What to Expect at the Voice Doctor

About Dr. Reena Gupta

Dr. Reena Gupta is the Director of the Division of Voice and Laryngology at OHNI. Dr. Gupta has devoted her practice to the care of patients with voice problems. She is board certified in otolaryngology and laryngology and fellowship trained in laryngology, specializing in the care of the professional voice.

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What should I expect when I see a voice doctor?

Question: I am a professional singer and am very careful about my voice.  I have gone to several doctors who are known as “voice doctors” for voice checks. However, somehow the experiences have been very different from each other.  This has made me wonder if there is a standard I should expect from a voice doctor.  As a performer, my voice is my life and I want the most comprehensive care available. What should a visit with a proper voice doctor consist of?


It is often very difficult for a voice user to find a qualified physician. This is because there are many physicians who call themselves “voice doctors” without the expertise and training to support this.  This has resulted in patients having different experiences with each doctor, which produces uncertainty and a diminishing confidence in voice medicine. Voice professionals have had to rely on word of mouth or their own impressions to validate their physician.  However, it is important to understand that a standard should exist.  The harder the voice user pushes to demand this, the less likely that substandard evaluations will be performed.

A professional medical evaluation of the voice should be comprised of two main components, examination by a qualified laryngologist and analysis and treatment by a specialized voice therapist.


Figure 1: Quick reference to a comprehensive evaluation by a voice doctor.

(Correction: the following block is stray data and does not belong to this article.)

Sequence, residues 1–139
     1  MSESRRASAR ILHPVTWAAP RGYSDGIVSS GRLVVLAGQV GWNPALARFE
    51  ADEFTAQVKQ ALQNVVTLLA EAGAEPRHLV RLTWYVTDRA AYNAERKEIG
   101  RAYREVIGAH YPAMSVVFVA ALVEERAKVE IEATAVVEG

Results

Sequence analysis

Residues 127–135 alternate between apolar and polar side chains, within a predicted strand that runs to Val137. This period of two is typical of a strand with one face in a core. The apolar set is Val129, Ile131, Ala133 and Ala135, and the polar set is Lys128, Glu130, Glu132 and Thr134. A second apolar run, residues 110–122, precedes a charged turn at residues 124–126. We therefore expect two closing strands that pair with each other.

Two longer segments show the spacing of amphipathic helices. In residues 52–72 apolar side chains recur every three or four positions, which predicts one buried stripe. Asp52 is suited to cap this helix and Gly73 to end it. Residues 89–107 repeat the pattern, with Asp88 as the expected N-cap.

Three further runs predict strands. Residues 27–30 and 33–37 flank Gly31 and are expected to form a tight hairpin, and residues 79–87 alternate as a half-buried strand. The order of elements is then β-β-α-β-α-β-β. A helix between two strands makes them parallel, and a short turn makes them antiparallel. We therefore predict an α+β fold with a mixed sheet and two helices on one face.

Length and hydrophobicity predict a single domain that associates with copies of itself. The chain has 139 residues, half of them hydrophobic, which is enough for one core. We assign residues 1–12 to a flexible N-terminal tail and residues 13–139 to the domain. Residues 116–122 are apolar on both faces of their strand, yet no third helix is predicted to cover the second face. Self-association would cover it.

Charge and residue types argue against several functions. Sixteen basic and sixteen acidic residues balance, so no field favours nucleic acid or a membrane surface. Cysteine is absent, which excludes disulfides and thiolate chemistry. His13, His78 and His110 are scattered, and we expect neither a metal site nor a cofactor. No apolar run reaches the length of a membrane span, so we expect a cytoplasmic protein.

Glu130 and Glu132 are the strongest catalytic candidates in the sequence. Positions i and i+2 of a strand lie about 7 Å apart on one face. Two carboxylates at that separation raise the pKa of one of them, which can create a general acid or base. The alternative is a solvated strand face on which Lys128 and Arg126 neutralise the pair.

Laryngologist Evaluation

Medical Professional: A proper and comprehensive examination of the voice user should begin with an evaluation from a physician who has subspecialized in the care of the voice, a laryngologist. These physicians have completed a medical residency program in otolaryngology (ENT) as well as subspecialty fellowship training in laryngology. These medical professionals are best suited to diagnose and treat the often misdiagnosed conditions of the larynx (voice box).


Voice History: The initial portion of the laryngology evaluation typically includes an interview. The voice history consists of questions intended to give the physician a background of the patients voice usage, limitations, previous injuries, training, concerns, and general vocal capacity. This information can help to pinpoint areas that need special attention.

General ENT Exam: The general ENT examination is performed to evaluate the health and function of the various structures of the head and neck. The health and optimal function of seemingly unrelated structures can, many times, contribute to proper vocal function and general well being.